Highest Mileage Teslas
Data about the maximum mileage that Teslas have gotten to is an indicator of how long you can expect to drive your Tesla without significant problems.
400,000-Mile Model X
The highest-mileage Tesla Model X in the world, run by a shuttle service, had reached 400,000 miles (643,738 km) in its first three years. During this time, the service had replaced the vehicle’s battery twice in addition to the front drive train unit.
Interestingly, the battery replacements were not done because the battery pack had become unusable. The first replacement was due to a software error, while the second was done as part of a service related to another issue.
Also, the three major changes were covered under Tesla’s eight-year warranty. Tesla offers an eight-year warranty for the model X’s battery pack and drive unit.
900,000-Mile Model S
In January 2022, a Model S used as a taxi in Germany crossed the 900,000-mile (1,448,410-km) mark.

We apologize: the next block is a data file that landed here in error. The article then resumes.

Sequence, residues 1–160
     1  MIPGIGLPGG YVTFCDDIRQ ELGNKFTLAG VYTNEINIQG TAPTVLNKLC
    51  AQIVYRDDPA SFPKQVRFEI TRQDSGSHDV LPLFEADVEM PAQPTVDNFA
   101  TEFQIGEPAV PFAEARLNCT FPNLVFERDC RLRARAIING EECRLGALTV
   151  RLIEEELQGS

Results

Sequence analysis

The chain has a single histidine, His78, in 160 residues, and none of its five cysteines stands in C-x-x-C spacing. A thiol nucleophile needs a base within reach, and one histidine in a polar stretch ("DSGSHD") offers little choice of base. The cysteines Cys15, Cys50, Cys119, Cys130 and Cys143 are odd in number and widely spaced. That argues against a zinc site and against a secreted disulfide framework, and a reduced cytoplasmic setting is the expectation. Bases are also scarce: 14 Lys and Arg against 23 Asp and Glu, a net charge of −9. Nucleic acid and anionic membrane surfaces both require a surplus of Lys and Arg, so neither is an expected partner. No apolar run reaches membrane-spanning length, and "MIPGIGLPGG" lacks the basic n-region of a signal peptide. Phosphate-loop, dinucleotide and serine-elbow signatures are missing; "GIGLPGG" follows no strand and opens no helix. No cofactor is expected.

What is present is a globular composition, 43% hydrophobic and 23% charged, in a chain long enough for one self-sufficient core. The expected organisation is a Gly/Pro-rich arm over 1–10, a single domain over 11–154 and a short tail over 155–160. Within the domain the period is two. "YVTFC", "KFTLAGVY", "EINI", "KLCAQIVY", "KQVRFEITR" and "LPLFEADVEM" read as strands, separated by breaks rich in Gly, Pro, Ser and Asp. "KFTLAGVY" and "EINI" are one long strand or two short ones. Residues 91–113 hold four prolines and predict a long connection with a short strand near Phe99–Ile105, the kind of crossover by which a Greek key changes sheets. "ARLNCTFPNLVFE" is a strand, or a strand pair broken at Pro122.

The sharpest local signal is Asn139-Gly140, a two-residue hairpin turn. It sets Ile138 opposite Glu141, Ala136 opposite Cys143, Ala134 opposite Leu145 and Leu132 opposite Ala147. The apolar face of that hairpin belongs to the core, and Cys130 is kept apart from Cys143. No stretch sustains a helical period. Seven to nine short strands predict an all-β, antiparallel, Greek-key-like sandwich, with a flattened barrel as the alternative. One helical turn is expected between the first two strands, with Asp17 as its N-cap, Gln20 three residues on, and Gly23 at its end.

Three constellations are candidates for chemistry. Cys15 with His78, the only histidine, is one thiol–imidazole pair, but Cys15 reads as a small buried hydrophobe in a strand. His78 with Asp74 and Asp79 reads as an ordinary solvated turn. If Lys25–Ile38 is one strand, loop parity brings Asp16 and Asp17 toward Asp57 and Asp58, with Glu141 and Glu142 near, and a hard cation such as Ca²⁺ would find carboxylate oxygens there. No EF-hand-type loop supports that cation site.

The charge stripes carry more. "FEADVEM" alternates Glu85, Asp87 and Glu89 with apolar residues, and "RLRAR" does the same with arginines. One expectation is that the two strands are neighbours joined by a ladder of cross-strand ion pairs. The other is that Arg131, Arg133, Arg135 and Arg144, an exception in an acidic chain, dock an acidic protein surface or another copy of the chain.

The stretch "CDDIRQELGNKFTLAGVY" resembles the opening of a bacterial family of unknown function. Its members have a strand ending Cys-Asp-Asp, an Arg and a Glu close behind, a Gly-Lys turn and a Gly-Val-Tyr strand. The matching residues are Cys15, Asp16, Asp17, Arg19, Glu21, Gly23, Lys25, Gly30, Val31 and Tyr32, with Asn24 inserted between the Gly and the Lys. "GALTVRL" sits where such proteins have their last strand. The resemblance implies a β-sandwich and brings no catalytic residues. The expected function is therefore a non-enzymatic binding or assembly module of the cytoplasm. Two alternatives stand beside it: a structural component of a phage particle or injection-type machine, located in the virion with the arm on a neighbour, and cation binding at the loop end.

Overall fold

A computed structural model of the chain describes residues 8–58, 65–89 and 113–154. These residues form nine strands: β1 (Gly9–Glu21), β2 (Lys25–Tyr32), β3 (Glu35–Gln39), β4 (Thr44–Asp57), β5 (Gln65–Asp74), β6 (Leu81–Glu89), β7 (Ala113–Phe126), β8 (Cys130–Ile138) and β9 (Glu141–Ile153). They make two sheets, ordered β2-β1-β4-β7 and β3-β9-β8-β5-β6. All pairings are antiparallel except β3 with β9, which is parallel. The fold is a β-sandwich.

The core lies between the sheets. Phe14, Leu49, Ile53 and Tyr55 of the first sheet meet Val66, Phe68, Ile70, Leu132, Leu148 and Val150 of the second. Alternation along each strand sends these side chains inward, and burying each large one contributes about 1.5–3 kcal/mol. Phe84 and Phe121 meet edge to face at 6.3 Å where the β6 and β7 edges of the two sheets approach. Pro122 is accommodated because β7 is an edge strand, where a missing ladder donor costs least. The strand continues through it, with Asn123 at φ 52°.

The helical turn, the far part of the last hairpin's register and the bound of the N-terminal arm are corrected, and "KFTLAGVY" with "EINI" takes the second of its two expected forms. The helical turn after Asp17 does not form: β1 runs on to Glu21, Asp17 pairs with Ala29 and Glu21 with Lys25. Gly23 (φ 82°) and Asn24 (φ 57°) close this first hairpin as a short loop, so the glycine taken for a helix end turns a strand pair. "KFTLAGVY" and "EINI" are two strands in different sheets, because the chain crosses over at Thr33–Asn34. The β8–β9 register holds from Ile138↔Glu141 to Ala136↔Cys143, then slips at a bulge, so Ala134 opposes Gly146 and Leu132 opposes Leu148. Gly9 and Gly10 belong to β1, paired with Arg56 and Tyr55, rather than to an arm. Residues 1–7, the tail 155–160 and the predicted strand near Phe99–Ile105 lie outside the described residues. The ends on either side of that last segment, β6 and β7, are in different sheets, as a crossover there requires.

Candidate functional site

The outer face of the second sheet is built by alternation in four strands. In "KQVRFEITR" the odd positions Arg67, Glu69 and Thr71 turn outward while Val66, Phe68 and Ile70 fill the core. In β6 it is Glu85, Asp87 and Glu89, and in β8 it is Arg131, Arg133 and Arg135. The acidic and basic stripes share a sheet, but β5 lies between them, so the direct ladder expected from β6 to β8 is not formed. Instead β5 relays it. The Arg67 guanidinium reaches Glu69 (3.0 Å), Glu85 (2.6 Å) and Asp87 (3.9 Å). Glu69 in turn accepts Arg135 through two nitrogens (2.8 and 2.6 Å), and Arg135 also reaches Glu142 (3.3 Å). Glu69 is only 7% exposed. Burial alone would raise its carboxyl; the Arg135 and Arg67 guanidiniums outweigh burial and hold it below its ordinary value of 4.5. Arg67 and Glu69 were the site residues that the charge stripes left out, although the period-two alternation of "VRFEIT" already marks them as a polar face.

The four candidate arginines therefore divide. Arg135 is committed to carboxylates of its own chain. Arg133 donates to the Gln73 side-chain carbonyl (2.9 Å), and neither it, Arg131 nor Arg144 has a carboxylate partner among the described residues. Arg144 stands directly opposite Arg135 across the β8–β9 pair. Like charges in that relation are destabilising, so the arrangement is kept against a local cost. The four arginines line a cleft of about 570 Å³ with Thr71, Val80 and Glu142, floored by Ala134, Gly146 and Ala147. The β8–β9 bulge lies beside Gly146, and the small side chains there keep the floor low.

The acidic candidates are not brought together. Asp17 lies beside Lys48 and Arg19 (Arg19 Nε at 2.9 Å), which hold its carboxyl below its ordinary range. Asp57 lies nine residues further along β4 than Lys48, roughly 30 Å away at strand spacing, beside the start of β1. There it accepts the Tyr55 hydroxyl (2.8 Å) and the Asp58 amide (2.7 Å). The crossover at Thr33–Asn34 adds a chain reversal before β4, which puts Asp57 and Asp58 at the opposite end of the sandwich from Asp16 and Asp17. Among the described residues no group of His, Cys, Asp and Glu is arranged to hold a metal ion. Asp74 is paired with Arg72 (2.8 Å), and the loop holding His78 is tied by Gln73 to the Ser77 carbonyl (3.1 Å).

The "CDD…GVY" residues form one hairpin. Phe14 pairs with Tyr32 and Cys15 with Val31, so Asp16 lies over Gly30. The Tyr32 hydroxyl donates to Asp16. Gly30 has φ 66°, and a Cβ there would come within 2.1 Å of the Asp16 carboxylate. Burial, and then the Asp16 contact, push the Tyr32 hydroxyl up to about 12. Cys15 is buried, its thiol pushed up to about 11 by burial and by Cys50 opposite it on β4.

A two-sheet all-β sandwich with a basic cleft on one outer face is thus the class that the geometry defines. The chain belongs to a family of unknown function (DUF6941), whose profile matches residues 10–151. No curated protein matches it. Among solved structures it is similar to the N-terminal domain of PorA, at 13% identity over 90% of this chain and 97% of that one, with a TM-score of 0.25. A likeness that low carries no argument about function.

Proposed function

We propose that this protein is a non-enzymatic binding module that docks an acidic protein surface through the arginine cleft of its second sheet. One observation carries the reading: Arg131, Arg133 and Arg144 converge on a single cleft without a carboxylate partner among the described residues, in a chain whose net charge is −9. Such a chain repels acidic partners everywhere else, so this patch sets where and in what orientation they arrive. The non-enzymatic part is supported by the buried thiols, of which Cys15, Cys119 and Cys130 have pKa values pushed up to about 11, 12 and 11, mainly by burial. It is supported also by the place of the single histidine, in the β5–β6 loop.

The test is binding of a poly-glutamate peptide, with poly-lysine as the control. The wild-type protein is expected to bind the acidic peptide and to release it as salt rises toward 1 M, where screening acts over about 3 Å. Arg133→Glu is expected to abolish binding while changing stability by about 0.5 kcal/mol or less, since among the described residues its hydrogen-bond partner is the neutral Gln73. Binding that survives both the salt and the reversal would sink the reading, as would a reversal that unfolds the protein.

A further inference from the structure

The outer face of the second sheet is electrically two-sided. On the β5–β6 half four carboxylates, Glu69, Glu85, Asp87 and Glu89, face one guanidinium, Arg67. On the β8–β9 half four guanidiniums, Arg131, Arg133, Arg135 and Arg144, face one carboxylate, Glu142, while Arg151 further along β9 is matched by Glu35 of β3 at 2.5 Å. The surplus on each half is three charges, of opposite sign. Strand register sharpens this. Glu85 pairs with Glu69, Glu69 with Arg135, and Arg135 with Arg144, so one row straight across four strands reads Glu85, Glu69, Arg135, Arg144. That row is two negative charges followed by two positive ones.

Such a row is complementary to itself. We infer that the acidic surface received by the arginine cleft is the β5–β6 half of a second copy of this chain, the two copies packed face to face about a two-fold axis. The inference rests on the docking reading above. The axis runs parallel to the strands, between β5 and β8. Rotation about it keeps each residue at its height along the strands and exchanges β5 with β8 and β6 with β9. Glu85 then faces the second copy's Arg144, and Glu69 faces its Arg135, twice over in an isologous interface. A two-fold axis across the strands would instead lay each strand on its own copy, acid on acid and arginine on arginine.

To get to this milestone, the owner replaced the battery pack twice and the drive unit thrice.
The first battery pack was replaced after 180,000 miles (289,682 km) when it developed an issue.
The Model S P-85 had issues with high torque, which can be blamed for the three drive unit replacements.
Taking this vehicle as a benchmark, with proper maintenance, you can expect to drive your Model S for 180,000 miles (289,682 km) without a battery replacement. Assuming an annual average mileage of 13,500 miles (21,726.14 km), this equals thirteen years.
You also have to consider that this Model S taxi has used supercharging daily while charging it to over 90%. This has a tremendous strain effect on the battery over the long term and does not really apply to most Tesla owners. So, in the most extreme case, the battery has to be replaced at about 180,000 miles.
The same individual who got to 900,000 miles (1,448,410 km) with his Model S had gotten to 385,000 miles (619,597) with a Tesla Roadster.
He then switched to the Model S. The Roadster is still active.